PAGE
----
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Oregon Capitol
Matt Dillon
Oregon reclaims leadership on bold climate action
March 10, 2020

Last updated: March 19, 2020

In the wake of the Oregon Legislature's now repeated failure to pass comprehensive statewide climate action, Governor Kate Brown is stepping up to ensure Oregon makes real progress toward addressing the climate crisis. Just days after the latest legislative session ended with no progress, Governor Brown delivered one of the country's strongest Executive Orders on climate - EO 20-04.

Her action reflects a culmination of several years of sustained advocacy by thousands across the state and with the Renew Oregon coalition - including people attending dozens of rallies, delivering hundreds of hours of testimony, offering thousands of volunteer hours, and tens of thousands of emails, letters to the editor, and petitions and making countless calls. The people demanded action and our Governor listened.

Read on for a closer look at each of these significant climate actions and why they matter.

Setting new, stronger goals for cutting climate pollution

Our state has not updated our goals to reduce global warming pollution for over a decade. Yet, the science keeps piling up that we need to cut our carbon emissions deeper and faster to avoid locking in irreversible climate change impacts - and what we do over the next decade matters the most. 

Since 2015, the Oregon Global Warming Commission has recommended a more near-term goal for the year 2035 to ensure we cut pollution faster. Governor Brown’s Executive Order (EO) creates that interim target - a target of reducing pollution at least 45% below 1990 levels by 2035. It also updates our 2050 target to at least 80% below - up from 75% below. These are the same goals that would have been adopted with Senate Bill 1530 (2020).[1]

While our low carbon destination remains the same, the primary difference between the cap-and-invest legislation and this executive action is how we get there.

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Providing new tools to enforce and achieve the updated climate goals

In addition to updating the state's greenhouse gas goals, the EO provides tools to enforce and make substantial progress towards achieving these goals, including:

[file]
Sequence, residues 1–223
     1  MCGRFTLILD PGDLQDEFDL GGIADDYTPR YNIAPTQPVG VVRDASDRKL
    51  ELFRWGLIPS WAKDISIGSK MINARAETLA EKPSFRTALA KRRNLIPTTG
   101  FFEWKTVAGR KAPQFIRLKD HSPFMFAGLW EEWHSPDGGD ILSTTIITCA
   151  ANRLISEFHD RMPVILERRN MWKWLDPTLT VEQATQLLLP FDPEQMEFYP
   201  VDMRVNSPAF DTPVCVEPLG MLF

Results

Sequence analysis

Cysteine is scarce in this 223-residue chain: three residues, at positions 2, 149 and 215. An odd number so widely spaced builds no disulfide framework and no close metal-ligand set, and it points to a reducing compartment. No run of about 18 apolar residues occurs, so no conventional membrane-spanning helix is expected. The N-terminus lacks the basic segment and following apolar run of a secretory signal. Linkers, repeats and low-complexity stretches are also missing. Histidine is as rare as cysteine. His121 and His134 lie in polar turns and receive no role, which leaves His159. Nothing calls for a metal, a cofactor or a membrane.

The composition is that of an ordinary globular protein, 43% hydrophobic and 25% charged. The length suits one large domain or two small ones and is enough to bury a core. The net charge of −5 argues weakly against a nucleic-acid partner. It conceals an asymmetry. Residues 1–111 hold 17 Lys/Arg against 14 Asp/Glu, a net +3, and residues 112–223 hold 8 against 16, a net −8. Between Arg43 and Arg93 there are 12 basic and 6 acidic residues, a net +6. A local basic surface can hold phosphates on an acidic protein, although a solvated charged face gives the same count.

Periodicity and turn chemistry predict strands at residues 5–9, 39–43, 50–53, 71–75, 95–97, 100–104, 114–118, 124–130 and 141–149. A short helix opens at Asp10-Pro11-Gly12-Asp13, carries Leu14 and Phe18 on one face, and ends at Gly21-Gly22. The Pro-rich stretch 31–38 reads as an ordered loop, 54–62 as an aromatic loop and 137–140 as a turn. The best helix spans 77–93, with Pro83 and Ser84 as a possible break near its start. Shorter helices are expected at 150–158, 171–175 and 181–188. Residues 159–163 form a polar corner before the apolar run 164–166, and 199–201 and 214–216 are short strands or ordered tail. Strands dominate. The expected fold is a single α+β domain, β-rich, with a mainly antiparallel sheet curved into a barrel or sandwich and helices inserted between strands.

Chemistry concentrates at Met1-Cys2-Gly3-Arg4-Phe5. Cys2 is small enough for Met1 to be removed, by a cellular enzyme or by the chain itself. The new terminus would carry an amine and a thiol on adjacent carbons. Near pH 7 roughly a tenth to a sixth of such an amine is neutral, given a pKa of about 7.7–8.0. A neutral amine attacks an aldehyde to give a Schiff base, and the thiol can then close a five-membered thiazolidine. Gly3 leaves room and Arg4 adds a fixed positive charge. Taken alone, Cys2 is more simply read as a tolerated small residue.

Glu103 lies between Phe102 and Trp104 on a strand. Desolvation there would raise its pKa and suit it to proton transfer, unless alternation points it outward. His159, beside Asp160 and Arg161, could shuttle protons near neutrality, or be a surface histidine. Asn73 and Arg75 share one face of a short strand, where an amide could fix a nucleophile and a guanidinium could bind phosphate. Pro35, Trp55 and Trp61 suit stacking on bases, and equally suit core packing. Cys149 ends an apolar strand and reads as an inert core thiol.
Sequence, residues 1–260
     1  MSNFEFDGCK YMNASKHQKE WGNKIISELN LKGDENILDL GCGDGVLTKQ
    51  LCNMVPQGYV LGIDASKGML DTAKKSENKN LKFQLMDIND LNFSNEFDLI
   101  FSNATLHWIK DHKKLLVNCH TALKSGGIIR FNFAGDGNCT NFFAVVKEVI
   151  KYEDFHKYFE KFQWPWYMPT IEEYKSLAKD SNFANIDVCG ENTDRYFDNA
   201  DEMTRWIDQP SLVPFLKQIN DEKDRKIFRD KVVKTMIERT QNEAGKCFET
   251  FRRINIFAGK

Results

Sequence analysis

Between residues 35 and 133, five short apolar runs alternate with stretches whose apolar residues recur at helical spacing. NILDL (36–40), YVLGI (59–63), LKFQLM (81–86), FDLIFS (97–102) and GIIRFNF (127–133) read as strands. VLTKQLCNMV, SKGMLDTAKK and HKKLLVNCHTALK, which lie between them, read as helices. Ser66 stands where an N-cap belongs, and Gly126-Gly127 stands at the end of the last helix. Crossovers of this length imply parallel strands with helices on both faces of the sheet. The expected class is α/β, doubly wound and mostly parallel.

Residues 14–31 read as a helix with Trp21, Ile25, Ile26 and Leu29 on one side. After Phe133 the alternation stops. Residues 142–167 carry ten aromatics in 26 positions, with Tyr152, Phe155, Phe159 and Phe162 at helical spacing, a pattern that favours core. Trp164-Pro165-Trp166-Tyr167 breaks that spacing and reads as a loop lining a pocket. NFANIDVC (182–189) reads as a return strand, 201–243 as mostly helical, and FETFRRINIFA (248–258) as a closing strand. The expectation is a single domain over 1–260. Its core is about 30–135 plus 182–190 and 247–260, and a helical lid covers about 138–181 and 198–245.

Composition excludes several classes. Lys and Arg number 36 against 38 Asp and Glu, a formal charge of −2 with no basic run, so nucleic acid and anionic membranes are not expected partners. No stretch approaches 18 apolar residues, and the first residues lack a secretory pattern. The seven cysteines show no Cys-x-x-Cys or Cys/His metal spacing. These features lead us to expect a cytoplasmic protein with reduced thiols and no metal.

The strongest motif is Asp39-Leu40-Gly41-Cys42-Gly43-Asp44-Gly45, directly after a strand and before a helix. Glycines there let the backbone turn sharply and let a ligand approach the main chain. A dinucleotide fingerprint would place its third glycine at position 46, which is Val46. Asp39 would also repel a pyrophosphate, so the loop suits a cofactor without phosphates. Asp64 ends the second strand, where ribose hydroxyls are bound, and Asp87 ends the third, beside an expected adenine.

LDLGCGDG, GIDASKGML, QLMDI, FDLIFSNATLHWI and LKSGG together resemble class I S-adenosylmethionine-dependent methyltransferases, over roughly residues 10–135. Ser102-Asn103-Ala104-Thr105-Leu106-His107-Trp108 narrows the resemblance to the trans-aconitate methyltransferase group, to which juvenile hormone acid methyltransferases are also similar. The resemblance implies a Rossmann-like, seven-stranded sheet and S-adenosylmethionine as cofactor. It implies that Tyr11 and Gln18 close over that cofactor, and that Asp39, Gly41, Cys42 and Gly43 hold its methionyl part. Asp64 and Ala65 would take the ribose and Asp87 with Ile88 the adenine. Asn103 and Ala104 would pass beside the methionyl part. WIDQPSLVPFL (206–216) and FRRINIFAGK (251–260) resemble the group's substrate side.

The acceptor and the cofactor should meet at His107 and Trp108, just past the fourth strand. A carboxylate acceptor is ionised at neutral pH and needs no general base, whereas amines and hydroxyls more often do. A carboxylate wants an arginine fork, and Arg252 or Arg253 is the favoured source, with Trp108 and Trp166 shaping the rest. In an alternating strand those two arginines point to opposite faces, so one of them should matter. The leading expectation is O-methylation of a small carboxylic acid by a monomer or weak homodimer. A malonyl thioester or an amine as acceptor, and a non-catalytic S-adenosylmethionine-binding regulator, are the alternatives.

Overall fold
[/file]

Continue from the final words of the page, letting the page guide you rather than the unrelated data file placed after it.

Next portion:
• Reducing emissions economy-wide:  Directs the Environmental Quality Commission to limit and reduce emissions from large stationary sources (including industry), transportation fuels (primarily gasoline and diesel), and other gaseous fuels (including natural gas). To help support this work, the Emergency Board provided $5 million to the Department of Environmental Quality and programs need to be in place by January 1, 2022 - the same time the cap and invest program was expected to start. 
  • Expanding the Clean Fuels Program:  Updates and strengthens our current Clean Fuels Program to make it the most ambitious low carbon fuel standard in the country: 25% by 2035 (and 20% by 2030 - up from the current target of 10% by 2025). Oregon’s Clean Fuels Program has been a bright spot in addressing transportation emissions. The program requires reductions in the average carbon intensity of Oregon’s transportation fuels. Since the start of the program, cleaner fuels and electric alternatives have already displaced over 3.6 million tons of climate pollution from gasoline and diesel.[2] In addition, the program has supported jobs and investments in communities across the state and provides benefits to public health as well as energy security.
  • Accelerating electric vehicle adoption:  Numerous provisions of the EO are specifically aimed at getting  more electric vehicles (EVs) on the road. More EVs and associated infrastructure will cut carbon, help improve air quality, and save consumers money. Key provisions include:
    • Enabling more ambitious utility investments in electric vehicle infrastructure to reduce emissions and achieve the EV adoption goals set out by SB 1044 (2019);
    • Developing a statewide plan to rapidly transition state fleets to zero emission vehicles and expand EV charging infrastructure for public buildings, as well as a model program for local jurisdictions to procure EVs; and
    • Requiring the Oregon Department of Transportation (ODOT), in consultation with other agencies, to analyze transportation electrification needs around the state. 
  • Encouraging more super-efficient buildings:  Requires new buildings to be built to zero energy standards by 2030, with at least a 60% energy reduction in annual site consumption. As a result, new buildings will be constructed from the ground up to maximize energy efficiency, and be ready to have the remaining energy use offset by on-site solar and other renewable energy. These changes to the building codes can lock in major annual energy and cost savings.
  • Maximizing the energy efficiency of appliances:  Directs Oregon’s appliance efficiency standards to maximize energy efficiency consistent with the stronger standards among other West Coast jurisdictions. Appliance standards represent a cost-effective strategy to protect consumers and businesses and strengthen the state’s clean energy economy. Energy efficient appliances save us energy and water, reduce long-term operating costs, and cut greenhouse gas emissions.